Wide right. Wide left. Too short.
Failing under pressure in sports is as common as succeeding. There are those who have ice in their veins, and can rise above the moment to achieve greatness, while others wither away. In American sports culture, it is those who are defined as clutch, who end up being the most revered.
The game is not only about the first three quarters of a game, but the final few minutes, seconds, moments, where the game is won and lost.
Here are the people that let the pressure, the moment, and the iron, get in their way. These are the 15 most memorable and worst missed shots and opportunities in sports history…
When you play for Manchester United, the score is never too high and the margin is never wide enough. So when one of the best players in the world misses a wide opened goal, there is going to be a significant amount of backlash.
Forlan has since moved on to Atletico Madrid, where he does not miss any open opportunities.
Steve Johnson dropped perhaps the biggest ball of his young career. As the Pittsburgh Steelers rolled into town, the Bills pushed them to overtime, when Ryan Fitzpatrick threw a beautiful game-winning pass to Johnson.
He dropped the ball, blamed God, and provided us with a heartfelt press conference where he oddly referred to himself as someone not even in the room.
Being an Islanders fan is bad enough, but to watch them miss open nets is the lowest of the flow. Already down 3-0, you would think they would take a goal in any way possible. Apparently, that is too much to ask.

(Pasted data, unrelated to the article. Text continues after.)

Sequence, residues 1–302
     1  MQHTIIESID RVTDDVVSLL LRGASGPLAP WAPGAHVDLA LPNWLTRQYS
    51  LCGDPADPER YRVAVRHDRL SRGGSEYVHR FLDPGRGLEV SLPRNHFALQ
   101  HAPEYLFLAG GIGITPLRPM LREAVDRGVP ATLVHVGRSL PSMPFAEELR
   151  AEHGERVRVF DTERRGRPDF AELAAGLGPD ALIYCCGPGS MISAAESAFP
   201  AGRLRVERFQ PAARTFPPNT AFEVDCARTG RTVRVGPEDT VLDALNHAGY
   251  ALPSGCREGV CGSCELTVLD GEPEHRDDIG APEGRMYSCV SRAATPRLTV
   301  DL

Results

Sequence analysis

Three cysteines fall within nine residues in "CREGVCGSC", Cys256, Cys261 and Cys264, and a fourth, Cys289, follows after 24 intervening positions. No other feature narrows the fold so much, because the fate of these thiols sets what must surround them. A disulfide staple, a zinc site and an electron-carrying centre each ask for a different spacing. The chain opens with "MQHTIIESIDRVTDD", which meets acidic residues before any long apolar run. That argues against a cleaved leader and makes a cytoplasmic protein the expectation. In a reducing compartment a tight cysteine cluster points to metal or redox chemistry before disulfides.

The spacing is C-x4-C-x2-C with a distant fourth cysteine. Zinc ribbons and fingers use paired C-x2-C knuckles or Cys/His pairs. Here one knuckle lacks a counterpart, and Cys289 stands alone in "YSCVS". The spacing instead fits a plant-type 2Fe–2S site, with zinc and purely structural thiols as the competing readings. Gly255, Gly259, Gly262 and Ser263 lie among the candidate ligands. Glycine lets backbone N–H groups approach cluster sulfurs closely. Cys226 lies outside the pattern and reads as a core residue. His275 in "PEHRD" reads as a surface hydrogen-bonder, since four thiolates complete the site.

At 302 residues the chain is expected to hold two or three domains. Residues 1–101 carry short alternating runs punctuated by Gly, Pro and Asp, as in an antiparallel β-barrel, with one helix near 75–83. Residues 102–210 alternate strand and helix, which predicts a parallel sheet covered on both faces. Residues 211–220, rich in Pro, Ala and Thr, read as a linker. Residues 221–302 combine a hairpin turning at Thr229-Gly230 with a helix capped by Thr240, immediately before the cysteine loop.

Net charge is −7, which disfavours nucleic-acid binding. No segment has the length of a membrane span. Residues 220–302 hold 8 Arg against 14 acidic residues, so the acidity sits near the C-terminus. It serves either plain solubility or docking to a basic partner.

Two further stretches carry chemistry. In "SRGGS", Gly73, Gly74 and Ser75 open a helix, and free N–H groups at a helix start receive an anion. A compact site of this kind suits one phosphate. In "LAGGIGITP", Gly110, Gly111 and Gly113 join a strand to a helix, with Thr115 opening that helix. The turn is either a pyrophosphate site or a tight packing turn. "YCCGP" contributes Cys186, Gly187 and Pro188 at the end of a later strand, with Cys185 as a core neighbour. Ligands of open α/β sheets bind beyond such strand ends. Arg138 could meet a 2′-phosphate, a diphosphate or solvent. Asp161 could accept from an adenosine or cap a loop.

Nate Thompson miffed on a wide open net that further proves that the Islanders will never be relevant ever again.
There may not be a more embarrassing miss out there because of his lack of concentration and presence of mind. Making a shot from that distance is extremely difficult and nearly impossible. But, he never had to take it.
There was enough time left on the clock to dribble the length of the floor and still have time to make a few moves. This will go down as one of the most boneheaded plays of all time and certainly on of the worst misses.
There is nothing more beautiful in hockey than an empty net. Nothing comes easier for a player who usually has to get the puck behind a guy that is more athletic than anyone on the ice, and wears pads that cover 80% of the goal.
But, whatever you do, do not miss the empty net. This rule, no, law, must be followed like it is punishable by death…just ask Patrick Stefan.
His empty net miss leads to the last second game-tying goal which is the worst feeling in hockey.
The Subway Series means more than just a few games during interleague play. It is about pride, and which team is better in NY. So when the Mets, who are known for their shaky play, botch an easy pop up that nets the Yankees a victory, it hurts a little bit more.
Vilified second baseman Luis Castillo dropped one of the most routine plays in the game, turning a surefire win into an embarrassing loss. This was not a moment to remember.
With the game in hand, everyone is usually telling their team to call the dogs off so they could all go home.
Devin Harris hits a three pointer, and then everyone of course thinks, ok great, so we lose by two and not 5…great.
Then, in classic Kenyon Martin style, he casually hands the inbounds pass to AK47, who gets the ball, turns, and misses the most unlikely shot he was never supposed to have the chance to take.